LOUISVILLE — The Kentucky Department of Agriculture will have to wait a few more days for its hemp seeds, but it looks as if Agriculture Commissioner James Comer will get them in time for spring planting.
Comer sued the Drug Enforcement Administration, U.S. Customs and Border Protection, the Justice Department and Attorney General Eric Holder on Wednesday, seeking the release of 250 pounds of Italian hemp seed being held in Louisville.
The federal Farm Bill passed this year allows state departments of agriculture and universities to grow hemp in pilot projects. Kentucky has eight planned across the state.
In a hearing Friday in U.S. District Judge John G. Heyburn's chambers, Ben Schecter, assistant U.S. attorney for Louisville, said that if the state will apply for a controlled-substance import permit, the seeds can be released in days.
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He suggested that the DEA wants to be "partners rather than adversaries in this."
Comer's chief of staff, Holly Harris VonLuehrte, and Agriculture Department lawyer Luke Morgan said the state would do that if the DEA would allow the department and universities to work with farmers to grow some of the hemp in proposed pilot projects around Kentucky.
Heyburn asked that the Agriculture Department submit a memo of understanding that would spell out terms so the DEA would be able to sign off.
The Agriculture Department will apply for its permit and will submit the names of institutions of higher learning participating in the first legal growing of industrial hemp in the United States in decades.
"As soon as you get the registration as an importer, those seeds can be transferred to respective institutions of higher learning. That can happen Monday or Tuesday?" Heyburn asked, with an indication of agreement from Schecter.
At noon Wednesday, Heyburn will review progress and hear the DEA's response on the growers' agreement.
Schecter said he could not make promises as to what the DEA would allow.
Heyburn suggested that an agreement could be reached that covers the DEA's legal concerns but allows the Agriculture Department and universities to let farmers participate.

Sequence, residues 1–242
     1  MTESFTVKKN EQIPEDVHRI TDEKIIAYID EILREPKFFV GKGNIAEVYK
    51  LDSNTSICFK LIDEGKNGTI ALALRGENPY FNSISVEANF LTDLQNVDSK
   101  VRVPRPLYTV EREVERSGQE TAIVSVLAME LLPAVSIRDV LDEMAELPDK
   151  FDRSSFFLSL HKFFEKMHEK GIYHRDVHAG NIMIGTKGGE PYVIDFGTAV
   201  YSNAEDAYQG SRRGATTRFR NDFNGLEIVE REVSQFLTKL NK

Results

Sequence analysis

The Justice Department issued this statement after the hearing:
"The Court has instructed Kentucky's state Agricultural Department to apply for the appropriate DEA permits to obtain the hemp seeds at issue, which is the process that DEA proposed on May 13. The DEA will continue to work with state officials so the state can lawfully obtain the seeds."
Kentucky agriculture officials were happy with the hearing, which they said fast-tracked the process.
"I think now we can move forward with our pilot programs exactly as we have planned them," said VonLuehrte. "We're going to sit down with the DEA and get this worked out. ... We're thrilled."
Using private farmers has been the sticking point, she said.
"The interest has always been to Commissioner Comer to jumpstart an industry here that could create jobs and opportunities for farmers," she said.
In total, the KDA hopes to grow less than 20 acres of hemp this year in conjunction with the University of Kentucky, University of Louisville, Eastern Kentucky University, Morehead State University, Western Kentucky University and Murray State University.
Four farmers are scheduled to be part of the initial plantings, which Comer's office has said need to be in the ground by June 1 for an optimum crop.
But there is no limit in the federal Farm Bill on the size of the projects, which means that if farmers can be cleared to participate, many more might in future years, especially if the state can establish a processor and successfully market the hemp.
The state still must complete the regulatory process; the administrative regulations have been developed by the Kentucky Department of Agriculture, but Gov. Steve Beshear has yet to sign the emergency regulations to put them in place immediately. VonLuerhte said she expects Beshear will sign the regulations.
"I think Commissioner Comer's focus was that we would always have a legally responsible process. We want to be the best state for processors and manufacturers to locate," she said. "And I think we're first."